Anticipation: What Could Possibly Go Wrong?

Keynote
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We’re all aware that failures happen in every system, and that being prepared to respond to them is paramount. But bringing resilience to your site and your organization also means developing your anticipation muscles; to explicitly work out what fears you may have about your system’s limits and failure modes, and understand what you’ll do when those unfortunate events happen.

This creative thinking about failure is what you use to guide your architecture, your development, your processes, your hiring, and hopefully: your business.

Putting in place contingency plans for when things might go wrong means first having an engineer’s imagination for those possible failures and surprising outcomes.

I’m going to talk about walking the fine line between immobilizing paranoia and a healthy but constant sense of unease in order to build your anticipation muscles.

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John Allspaw

Adaptive Capacity Labs

John Allspaw has worked in software systems engineering and operations for twenty years in many different environments: biotech, government, online media, social networking, and e-commerce. He started out tuning parallel clusters running vehicle crash simulations for the U.S. government, and then moved on to the Internet in 1997. He built the backing infrastructure at Salon.com, InfoWorld.com, Friendster, and Flickr, and Etsy. He served as SVP of Engineering and then Chief Technology Officer at Etsy, and holds an MSc in Human Factors and Systems Safety from Lund University.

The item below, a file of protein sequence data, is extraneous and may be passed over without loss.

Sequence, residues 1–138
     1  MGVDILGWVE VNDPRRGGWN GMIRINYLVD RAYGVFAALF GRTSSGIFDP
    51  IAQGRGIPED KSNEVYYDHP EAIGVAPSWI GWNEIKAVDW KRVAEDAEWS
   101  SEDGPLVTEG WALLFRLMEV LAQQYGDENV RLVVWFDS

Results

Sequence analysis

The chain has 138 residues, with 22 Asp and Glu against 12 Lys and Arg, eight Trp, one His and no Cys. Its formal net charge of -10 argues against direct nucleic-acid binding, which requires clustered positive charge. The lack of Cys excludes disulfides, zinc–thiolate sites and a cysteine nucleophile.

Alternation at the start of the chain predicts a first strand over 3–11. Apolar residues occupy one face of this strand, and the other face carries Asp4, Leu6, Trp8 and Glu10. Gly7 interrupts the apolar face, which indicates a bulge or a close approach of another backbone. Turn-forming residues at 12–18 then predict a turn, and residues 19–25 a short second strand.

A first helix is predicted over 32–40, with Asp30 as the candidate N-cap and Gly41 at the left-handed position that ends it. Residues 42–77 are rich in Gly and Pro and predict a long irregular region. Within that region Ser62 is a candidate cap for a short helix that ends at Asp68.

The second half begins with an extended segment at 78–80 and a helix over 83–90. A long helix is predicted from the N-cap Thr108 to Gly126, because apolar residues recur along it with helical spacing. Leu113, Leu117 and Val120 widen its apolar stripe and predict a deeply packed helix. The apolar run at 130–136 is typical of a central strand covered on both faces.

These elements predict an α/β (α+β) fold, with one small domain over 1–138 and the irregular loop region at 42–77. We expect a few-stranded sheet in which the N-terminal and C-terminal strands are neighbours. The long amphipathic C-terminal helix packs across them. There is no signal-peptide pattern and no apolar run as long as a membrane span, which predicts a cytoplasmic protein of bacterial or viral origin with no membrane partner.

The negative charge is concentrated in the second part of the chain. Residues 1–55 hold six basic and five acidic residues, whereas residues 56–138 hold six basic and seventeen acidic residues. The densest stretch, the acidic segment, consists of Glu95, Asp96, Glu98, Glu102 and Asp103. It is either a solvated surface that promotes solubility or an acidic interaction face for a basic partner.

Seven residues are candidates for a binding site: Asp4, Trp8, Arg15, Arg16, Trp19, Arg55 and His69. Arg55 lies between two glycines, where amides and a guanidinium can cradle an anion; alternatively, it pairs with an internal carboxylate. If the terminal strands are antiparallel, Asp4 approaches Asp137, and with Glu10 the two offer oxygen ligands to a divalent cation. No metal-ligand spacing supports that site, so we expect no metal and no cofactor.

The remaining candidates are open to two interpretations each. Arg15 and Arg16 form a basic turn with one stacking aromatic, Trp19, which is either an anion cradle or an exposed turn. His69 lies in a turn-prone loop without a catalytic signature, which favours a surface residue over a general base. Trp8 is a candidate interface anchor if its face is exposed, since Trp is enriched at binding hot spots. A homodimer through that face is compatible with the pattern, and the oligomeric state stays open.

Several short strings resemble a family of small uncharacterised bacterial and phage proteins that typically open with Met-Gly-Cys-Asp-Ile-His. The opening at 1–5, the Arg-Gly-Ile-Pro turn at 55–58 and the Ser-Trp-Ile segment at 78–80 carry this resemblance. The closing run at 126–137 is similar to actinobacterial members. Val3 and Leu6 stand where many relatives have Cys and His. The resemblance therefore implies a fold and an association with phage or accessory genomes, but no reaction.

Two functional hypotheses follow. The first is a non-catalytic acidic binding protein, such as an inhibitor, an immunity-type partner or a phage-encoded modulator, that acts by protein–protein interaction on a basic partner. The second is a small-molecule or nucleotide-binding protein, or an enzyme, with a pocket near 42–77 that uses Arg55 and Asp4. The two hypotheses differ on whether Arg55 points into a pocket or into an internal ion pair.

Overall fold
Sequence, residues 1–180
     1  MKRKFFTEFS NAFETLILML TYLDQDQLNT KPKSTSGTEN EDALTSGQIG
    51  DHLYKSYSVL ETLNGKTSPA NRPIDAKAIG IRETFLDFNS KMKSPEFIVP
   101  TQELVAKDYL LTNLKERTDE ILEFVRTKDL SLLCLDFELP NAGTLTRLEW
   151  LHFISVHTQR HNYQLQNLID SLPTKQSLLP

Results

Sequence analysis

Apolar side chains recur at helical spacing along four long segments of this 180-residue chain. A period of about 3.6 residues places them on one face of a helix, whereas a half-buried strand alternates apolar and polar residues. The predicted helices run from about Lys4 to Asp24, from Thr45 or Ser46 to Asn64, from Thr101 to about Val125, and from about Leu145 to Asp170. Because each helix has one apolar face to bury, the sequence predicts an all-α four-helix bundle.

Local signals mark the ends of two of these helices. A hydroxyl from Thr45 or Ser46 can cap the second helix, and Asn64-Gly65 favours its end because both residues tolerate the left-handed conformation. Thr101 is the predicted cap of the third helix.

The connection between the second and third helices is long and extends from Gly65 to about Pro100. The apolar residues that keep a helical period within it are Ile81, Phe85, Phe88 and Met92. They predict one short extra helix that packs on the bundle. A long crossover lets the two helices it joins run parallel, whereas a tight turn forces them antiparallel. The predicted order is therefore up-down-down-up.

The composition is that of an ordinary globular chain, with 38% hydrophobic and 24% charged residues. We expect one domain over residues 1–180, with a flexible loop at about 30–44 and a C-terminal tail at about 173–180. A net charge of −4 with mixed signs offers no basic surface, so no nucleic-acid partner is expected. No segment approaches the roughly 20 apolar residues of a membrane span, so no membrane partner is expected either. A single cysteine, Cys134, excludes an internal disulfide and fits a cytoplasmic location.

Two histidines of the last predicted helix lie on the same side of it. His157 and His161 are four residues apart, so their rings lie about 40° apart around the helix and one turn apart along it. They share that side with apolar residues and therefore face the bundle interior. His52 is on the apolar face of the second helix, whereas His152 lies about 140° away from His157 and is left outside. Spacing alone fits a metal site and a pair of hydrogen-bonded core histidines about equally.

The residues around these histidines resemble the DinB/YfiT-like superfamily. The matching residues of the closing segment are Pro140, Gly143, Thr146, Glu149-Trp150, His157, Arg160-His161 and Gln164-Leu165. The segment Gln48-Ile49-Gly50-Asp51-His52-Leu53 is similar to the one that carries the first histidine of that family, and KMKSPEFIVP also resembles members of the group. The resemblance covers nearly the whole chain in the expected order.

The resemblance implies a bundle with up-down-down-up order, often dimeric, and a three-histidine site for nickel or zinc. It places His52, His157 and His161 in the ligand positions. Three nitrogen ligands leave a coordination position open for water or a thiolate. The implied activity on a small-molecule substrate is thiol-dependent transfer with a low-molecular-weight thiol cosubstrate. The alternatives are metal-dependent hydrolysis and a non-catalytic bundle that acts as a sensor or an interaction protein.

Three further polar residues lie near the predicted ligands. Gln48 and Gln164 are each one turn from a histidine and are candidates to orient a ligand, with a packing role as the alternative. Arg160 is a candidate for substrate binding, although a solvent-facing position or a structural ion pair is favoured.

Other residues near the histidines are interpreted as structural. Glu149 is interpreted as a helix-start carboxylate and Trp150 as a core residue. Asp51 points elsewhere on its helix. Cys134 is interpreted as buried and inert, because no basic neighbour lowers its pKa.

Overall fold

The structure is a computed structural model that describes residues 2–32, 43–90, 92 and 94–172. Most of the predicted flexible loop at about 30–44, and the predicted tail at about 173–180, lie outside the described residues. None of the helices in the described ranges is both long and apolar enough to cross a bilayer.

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John Allspaw
10/11/2011 10:59 CET

Paul: you’re right. I have a blog post coming with even further detail on the topic, including references. I’m going to update the slides with references at the end now, and will send to O’Reilly.

Paul Nasrat
10/11/2011 10:54 CET

It’d be great if there were links to the papers referenced in the slides. I assume a lot from Resilience Engineering works – www.resilience-engineering-...

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